Automation helps hospital greatly reduce parenteral nutrition errors

October 13, 2015

An automated electronic ordering and compounding system, developed in-house a few years ago, has helped Salt Lake City, Utah-based Primary Children’s Hospital nearly eliminate parenteral nutrition (PN) errors.

An automated electronic ordering and compounding system, developed in-house a few years ago, has helped Salt Lake City, Utah-based Primary Children’s Hospital nearly eliminate parenteral nutrition (PN) errors.

Nine years ago, Mark MacKay, BS Pharm, clinical manager for the 350-bed hospital, solicited input from a multidisciplinary team of pharmacists, physicians, nurse practitioners, nurses, dietitians, and others.

The team identified PN practices that led to errors and decided to implement a completely electronic system for ordering and reviewing PNs.

The software, developed by the hospital’s IT department, allows the licensed practitioner to order individual components such as macronutrient glucose, protein, and fats along with micronutrients and trace minerals. Then, the program doses all the calculations based on the patient’s weight, while checking for any errors in ordering and incompatibilities. When an error is found a pop up box identifies the error and provides solutions to prevent the errors.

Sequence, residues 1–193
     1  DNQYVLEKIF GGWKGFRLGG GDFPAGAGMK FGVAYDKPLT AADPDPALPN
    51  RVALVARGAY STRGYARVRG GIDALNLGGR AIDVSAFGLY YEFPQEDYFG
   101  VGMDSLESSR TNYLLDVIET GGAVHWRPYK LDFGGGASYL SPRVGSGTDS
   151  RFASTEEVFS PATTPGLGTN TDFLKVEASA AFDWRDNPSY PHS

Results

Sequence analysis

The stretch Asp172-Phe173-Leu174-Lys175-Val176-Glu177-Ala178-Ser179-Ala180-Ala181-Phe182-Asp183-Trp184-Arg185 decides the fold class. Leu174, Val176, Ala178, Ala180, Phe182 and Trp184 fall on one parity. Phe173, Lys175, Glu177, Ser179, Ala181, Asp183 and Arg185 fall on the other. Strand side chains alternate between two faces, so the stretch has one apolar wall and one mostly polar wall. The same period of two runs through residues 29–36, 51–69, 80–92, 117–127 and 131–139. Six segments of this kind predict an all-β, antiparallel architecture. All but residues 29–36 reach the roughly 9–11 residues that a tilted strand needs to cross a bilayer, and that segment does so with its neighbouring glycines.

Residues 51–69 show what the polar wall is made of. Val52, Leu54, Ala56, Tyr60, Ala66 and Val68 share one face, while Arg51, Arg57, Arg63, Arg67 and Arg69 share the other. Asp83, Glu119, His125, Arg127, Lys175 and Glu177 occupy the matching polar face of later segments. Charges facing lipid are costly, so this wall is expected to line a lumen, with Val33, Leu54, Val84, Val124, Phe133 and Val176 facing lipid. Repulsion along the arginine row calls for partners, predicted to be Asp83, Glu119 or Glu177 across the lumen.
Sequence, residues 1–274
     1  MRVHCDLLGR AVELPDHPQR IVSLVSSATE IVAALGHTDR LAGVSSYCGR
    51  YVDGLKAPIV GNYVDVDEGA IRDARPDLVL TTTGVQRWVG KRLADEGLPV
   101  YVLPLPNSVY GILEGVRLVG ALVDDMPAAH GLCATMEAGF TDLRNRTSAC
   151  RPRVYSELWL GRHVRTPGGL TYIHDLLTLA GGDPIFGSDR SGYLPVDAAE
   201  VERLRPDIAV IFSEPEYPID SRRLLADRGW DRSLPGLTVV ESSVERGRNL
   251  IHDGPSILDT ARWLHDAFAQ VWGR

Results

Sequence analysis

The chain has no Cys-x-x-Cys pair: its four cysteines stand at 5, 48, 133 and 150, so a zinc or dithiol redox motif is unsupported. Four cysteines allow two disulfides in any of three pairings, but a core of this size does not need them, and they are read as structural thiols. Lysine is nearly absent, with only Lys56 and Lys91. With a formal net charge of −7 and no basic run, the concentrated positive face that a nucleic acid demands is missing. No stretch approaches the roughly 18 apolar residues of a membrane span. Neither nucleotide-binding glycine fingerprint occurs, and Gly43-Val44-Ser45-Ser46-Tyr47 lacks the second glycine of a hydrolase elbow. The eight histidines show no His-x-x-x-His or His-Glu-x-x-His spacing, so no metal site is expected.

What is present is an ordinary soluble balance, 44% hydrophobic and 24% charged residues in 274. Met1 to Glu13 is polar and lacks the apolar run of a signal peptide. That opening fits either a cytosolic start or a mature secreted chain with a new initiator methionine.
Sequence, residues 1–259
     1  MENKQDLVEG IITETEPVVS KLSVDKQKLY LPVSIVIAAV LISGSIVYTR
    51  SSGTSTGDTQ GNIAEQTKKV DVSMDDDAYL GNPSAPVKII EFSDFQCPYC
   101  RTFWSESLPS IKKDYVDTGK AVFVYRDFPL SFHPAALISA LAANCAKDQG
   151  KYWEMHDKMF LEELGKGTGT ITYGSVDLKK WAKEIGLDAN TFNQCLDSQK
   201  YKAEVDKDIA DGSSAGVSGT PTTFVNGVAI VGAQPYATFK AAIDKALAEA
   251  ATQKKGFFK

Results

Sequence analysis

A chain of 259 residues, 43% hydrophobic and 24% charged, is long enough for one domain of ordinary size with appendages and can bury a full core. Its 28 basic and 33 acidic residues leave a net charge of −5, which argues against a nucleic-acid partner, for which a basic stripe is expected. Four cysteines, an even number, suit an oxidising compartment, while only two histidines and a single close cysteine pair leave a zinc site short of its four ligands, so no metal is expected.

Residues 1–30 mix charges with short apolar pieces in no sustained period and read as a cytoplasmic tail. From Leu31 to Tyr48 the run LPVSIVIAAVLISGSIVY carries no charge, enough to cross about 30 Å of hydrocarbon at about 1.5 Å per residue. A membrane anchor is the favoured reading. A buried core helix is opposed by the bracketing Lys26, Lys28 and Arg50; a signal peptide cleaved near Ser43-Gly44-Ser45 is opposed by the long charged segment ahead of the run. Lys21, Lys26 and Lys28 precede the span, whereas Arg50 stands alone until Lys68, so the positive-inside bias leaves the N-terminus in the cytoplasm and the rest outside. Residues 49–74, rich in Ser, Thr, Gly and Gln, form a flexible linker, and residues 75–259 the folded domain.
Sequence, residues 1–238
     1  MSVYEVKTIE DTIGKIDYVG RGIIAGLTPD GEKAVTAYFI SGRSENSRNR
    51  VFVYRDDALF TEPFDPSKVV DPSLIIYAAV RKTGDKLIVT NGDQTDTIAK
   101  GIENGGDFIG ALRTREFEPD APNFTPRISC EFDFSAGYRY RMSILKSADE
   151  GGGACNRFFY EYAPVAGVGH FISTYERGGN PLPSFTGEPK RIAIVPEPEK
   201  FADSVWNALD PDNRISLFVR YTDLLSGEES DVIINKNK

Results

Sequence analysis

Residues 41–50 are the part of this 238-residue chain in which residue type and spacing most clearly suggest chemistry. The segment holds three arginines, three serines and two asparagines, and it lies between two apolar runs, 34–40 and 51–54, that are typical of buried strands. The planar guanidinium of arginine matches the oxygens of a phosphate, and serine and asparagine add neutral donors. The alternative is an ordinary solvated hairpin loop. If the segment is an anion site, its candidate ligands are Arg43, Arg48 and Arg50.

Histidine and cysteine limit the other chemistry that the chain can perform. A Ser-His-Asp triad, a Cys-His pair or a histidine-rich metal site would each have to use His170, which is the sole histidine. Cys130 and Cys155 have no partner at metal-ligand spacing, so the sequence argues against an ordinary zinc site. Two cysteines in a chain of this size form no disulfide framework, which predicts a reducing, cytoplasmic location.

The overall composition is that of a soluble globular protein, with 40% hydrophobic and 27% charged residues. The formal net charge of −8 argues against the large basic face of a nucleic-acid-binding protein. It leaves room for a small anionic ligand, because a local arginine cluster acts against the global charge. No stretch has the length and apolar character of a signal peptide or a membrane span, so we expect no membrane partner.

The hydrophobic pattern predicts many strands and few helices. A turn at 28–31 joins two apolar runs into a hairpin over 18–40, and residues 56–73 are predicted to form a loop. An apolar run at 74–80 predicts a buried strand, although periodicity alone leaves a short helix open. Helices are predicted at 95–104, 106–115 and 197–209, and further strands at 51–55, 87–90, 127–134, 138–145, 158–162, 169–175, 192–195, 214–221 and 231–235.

MacKay and the team opted for an in-house software system, because there were no vendors available at the time. “As the program advanced and our research continued to expand in parenteral compatibility, the information was incorporated into the computer program,” MacKay told Drug Topics.

“An example was adding calcium and phosphorus solubility curves as an automatic checking process. The program recognizes formula adjustment, compatibility, and dosage problems, providing the user with real-time solutions…thus eliminating any paper trails from ordering to compounding,” MacKay said.

MacKay and the team tracked the impact of the program from 2007 through 2014. Out of 84,503 PN prescriptions, 230 errors occurred. Ninety-five percent of all errors occurred during administration, and there were no transcription errors, according to ASHP Intersections.

 

While 9.1% of errors may have contributed to patient harm, the events fell in the “temporary harm” category. “By addressing those components, we reduced the error rate to nearly zero, leaving drug administration as the only remaining task where errors may occur,” MacKay said.

In addition to a significant reduction in errors, the average savings were $137,629 per year or $963,403 over seven years, thanks to decreased waste elimination and direct formulary control, according to ASHP Intersections.

While the electronic ordering system, as well as the multidisciplinary team played a role in the success of the program, “the impact of continuation came when the hospital allowed for the development of a nutrition support team to oversee the program and maintain the daily continuation and compliance of the program,” MacKay said.